Strict voter ID laws in states across the country have spiked fears of voter suppression; according to the ACLU, such requirements disproportionately—and unjustly—effect low-income communities and ethnic minorities. Unsurprisingly, the transgender population is also among those impacted by these policies: According to a new report from the Williams Institute, strict voter ID laws may disenfranchise as many as 34,000 transgender voters in the November presidential election. This number represents a portion of the transgender population who live in the eight states with the strictest voter ID laws, and the report states that "thirty percent of the voting-eligible transgender population" in these states "have no identification or records that accurately reflect their gender."
Sean Young, a senior attorney for the ACLU's Voting Rights Project, says that the United States has a long history of trying to suppress the voting ability of African American communities. "Ever since blacks were given the right to vote after the Civil War, African Americans have fought to exercise their political power. Governments have responded by making it harder for them to do so," Young explains. But, he adds, these laws may also "have a detrimental effect" on the transgender population.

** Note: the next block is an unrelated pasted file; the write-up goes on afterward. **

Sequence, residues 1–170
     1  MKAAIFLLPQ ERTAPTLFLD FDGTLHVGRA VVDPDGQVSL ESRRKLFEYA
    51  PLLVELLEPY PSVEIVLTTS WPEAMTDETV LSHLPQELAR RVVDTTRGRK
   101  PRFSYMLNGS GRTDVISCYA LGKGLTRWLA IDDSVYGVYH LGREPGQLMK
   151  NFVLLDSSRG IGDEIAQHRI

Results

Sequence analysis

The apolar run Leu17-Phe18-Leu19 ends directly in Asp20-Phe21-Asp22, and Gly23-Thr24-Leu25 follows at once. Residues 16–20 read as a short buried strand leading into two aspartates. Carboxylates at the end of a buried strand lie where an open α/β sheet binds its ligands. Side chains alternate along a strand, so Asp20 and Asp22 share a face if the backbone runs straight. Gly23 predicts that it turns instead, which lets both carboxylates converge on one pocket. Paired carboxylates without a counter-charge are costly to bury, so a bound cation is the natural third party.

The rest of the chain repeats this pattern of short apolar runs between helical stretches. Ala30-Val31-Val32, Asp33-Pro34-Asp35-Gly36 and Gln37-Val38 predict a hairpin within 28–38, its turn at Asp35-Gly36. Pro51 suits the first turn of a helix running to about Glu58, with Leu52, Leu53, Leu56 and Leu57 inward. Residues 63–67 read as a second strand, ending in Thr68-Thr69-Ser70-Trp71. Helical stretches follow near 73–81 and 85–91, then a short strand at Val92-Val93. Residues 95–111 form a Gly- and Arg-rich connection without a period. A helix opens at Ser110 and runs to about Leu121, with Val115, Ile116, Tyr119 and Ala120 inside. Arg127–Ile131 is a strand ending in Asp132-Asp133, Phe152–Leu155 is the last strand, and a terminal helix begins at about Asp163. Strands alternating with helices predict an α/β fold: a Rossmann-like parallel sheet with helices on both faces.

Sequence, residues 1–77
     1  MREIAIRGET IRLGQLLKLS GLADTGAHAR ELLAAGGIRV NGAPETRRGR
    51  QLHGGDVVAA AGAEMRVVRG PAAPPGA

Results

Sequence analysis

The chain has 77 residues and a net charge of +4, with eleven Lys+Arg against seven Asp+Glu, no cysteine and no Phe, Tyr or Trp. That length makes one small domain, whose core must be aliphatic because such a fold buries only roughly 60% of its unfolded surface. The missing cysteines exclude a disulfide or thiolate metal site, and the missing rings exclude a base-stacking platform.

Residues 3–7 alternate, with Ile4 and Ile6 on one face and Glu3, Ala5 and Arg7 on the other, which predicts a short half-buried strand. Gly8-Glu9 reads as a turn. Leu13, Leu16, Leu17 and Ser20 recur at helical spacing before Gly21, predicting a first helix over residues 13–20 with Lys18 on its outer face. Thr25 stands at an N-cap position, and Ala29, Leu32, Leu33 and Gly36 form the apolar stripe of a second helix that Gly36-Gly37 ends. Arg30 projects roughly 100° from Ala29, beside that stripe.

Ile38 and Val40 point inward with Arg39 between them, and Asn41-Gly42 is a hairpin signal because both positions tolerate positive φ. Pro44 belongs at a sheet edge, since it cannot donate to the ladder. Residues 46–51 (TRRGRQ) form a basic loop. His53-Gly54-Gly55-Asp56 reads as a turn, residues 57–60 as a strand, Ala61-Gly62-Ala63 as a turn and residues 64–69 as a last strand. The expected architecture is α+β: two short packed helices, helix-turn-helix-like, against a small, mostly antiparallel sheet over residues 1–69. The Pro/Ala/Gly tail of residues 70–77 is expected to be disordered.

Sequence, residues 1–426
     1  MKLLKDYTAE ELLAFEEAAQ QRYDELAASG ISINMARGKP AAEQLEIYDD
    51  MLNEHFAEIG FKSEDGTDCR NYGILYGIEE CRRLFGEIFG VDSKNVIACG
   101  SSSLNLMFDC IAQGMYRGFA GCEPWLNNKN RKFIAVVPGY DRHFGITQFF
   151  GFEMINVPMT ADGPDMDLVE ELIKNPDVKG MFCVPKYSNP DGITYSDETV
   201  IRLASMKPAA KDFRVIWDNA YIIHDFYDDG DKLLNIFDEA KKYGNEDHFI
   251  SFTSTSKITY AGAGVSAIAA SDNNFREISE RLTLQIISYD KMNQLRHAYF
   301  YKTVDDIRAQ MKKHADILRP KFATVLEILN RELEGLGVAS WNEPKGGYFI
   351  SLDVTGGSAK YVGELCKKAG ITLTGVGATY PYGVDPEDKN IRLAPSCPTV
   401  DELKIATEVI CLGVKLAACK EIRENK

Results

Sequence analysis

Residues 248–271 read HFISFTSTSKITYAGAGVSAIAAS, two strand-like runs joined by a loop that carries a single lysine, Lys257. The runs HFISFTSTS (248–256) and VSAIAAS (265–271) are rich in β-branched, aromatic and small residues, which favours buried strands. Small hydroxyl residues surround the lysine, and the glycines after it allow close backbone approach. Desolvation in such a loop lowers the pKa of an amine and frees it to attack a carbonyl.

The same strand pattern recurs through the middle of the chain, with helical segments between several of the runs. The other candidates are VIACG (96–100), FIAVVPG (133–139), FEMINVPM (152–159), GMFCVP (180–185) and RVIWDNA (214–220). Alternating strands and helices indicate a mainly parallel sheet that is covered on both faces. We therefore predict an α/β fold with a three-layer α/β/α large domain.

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According to the National Conference of State Legislatures, there are 34 states with voter ID laws in place. Eight of those states (Alabama, Georgia, Indiana, Kansas, Mississippi, Tennessee, Virginia, and Wisconsin) have laws that are considered "strict." These states require each voter to show government-issued photo identification to poll workers. As a result, they're the states that are most likely to suppress marginalized voting populations.
For poor or low-income people of color and trans people, the process of obtaining government ID can be extremely difficult. In addition to transportation and employment-related barriers, the process itself may be too convoluted for many people—and potentially prohibitive for those without internet access or those who have limited education, Young says.
"Forcing a lower-income person to navigate multiple layers of incredibly frustrating bureaucracy just to exercise the right to vote is offensive to our democracy," he affirms.